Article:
That Lagos and Rivers states do not owe salaries is not surprising to many given their buoyant economies, whose outputs surpass that of some African economies. Interestingly, even some so-called less economically vibrant states have paid workers’ salaries up to date. So, how come less economically vibrant states are able to pay salaries while those hitherto regarded as economically vibrant owe workers and pensioners? For analysts, it boils down to prudent management of resources as well as prioritization of workers’ welfare above other commitments.
For instance, Bayelsa State, which pockets an average monthly revenue of N11billion comprising federal allocation, 13 percent derivation fund, value-added tax and internally generated revenue, owe workers four months’ unpaid salaries even as its average monthly wage bill of N3.5billion is less than half the monthly receipts.
Same as Delta State that collects an average monthly revenue of N12.22 billion compared to an average monthly wage bill of N7.5billion. These are not the best of times for local council workers in the state who are owed several months of salary arrears. Some other states with clean bill of health in terms of salary payment are Cross River, Ebonyi, Anambra, Enugu, Yobe, Borno, Sokoto, Kaduna, Kano, Niger, Adamawa and Jigawa.
Borno State, ravaged by Boko Haram terrorists and with average monthly revenue of N4.63billion (excluding 13 percent derivation fund), is able to settle a monthly overhead of N5.2billion. The same could be said of the neighbouring Yobe State also ravaged by the terrorists. The state collects average revenue of N3.8billion monthly as against an overhead of N3.6billion. Niger State has resorted to borrowing to pay workers’ salaries although the government says this may not be sustainable in the long run. As a mark of the state’s commitment to workers’ welfare, the government placed payment of salaries on the first line charge and has since not defaulted in its statutory obligation. Sokoto State with an average monthly income of N4.43billion and an average monthly recurrent expenditure of N4.23billion has paid salaries up to date.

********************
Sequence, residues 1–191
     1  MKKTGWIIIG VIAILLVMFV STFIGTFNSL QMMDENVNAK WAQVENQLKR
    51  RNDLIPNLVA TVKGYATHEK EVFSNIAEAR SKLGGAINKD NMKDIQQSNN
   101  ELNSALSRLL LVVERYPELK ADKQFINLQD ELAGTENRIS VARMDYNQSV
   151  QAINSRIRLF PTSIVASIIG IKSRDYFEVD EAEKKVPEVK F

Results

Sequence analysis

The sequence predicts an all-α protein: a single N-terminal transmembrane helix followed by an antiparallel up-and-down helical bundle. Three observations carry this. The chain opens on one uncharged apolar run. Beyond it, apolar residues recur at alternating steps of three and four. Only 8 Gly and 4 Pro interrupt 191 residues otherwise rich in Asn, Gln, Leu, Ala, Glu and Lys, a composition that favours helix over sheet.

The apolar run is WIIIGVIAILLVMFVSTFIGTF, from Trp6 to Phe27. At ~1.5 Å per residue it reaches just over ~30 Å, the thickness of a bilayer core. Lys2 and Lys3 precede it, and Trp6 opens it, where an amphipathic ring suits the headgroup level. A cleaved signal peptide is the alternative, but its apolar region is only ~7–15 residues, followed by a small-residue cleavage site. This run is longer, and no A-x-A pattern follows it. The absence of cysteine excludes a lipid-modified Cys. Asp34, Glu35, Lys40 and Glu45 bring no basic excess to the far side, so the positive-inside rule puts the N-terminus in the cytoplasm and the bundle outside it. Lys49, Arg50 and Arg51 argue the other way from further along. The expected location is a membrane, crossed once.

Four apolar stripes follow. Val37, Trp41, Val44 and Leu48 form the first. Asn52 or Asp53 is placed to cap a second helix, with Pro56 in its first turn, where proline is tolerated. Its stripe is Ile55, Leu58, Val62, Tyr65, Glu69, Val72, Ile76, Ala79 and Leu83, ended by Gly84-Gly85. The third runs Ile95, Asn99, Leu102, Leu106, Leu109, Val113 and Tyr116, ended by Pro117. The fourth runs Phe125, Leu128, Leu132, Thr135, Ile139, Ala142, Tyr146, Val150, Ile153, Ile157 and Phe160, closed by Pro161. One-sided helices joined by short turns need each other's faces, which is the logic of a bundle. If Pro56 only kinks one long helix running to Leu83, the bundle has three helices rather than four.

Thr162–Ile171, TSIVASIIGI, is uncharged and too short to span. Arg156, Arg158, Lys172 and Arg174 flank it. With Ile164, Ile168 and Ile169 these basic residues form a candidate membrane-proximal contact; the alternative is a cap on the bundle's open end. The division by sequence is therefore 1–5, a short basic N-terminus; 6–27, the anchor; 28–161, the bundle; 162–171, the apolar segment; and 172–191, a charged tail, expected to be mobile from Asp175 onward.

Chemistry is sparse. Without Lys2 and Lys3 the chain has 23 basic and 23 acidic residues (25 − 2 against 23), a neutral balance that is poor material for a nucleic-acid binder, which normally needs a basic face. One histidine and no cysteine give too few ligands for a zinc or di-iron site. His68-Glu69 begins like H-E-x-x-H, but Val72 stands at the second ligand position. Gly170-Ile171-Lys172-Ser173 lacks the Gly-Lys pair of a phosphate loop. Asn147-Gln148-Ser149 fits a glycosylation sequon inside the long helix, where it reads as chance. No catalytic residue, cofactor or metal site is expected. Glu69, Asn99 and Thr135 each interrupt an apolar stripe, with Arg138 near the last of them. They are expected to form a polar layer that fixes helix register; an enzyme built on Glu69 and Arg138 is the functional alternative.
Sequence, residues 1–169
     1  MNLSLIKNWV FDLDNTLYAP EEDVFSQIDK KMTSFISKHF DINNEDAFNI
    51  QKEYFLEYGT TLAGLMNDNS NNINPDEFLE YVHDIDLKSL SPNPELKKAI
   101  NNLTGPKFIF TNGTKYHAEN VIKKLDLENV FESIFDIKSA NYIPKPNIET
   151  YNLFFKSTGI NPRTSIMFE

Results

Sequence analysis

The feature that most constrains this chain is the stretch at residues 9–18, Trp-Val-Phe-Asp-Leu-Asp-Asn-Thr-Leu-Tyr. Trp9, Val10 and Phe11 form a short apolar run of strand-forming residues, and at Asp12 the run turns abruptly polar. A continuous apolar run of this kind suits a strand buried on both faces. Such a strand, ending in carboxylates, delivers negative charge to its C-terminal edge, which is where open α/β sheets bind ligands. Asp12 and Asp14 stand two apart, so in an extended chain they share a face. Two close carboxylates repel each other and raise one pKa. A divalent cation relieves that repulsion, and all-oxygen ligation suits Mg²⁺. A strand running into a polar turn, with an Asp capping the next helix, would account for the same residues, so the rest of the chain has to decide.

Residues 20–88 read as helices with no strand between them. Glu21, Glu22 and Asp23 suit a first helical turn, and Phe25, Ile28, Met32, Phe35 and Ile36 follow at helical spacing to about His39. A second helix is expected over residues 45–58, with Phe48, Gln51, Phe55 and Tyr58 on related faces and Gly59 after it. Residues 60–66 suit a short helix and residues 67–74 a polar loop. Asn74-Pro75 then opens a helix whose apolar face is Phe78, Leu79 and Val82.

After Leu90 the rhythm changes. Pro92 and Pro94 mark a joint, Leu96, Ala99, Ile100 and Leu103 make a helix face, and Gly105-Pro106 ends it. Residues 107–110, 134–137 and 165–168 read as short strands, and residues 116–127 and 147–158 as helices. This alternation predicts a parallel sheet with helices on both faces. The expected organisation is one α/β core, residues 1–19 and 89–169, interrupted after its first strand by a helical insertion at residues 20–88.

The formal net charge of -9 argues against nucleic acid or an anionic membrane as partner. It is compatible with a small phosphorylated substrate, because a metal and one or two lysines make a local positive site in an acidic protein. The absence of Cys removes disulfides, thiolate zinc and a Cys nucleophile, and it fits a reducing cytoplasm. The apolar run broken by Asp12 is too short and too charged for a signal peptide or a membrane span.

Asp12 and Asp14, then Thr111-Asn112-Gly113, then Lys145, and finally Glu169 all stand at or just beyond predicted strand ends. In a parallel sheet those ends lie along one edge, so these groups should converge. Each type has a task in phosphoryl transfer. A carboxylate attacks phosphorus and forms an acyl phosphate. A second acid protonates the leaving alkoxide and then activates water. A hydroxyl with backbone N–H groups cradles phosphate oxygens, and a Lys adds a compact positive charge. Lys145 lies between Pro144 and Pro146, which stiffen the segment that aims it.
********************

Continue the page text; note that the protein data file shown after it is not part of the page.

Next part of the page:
Kaduna State, one of the economically buoyant states in the north, had to engage in verification of workers which weeded out over 13,000 ‘ghost workers’ and thus put the state in good stead to pay workers up to date. The exercise, however, left those yet to be verified without salary. With over 75,000 staff on its payroll, the state manages to pay salaries with an average monthly income of N5.83billion. In Jigawa State, the Muhammadu Badaru Abubakar government has always paid workers and pensioners as at when due. The state government was able to achieve this through the introduction of cost-saving measures in all public expenditure.
Another success story is Anambra State. The workers continue to enjoy consistent salary even with 16 percent increment by Governor Willie Obiano, since July last year. According to Obiano, governors who ‘sleep’ without paying the salaries of workers in their states are irresponsible. Many trace the Anambra situation to the prudence in resource management by the Peter Obi administration, which preferred to save money than engage in white elephant projects. The state has an average monthly income of N4.56billion but prior to the fall in crude oil price, it had N11billion savings in the bank; received a refund of N10billion from the federal government and had N26billion in foreign currency investments. In all, Anambra State had N75billion in fiscal buffers with which it is navigating these difficult times.
However, not many analysts think all states owing workers’ salaries engaged in white elephant projects. Some states actually engaged in transformative projects, only to be undone by the drop in the price of crude oil which sent revenues crashing.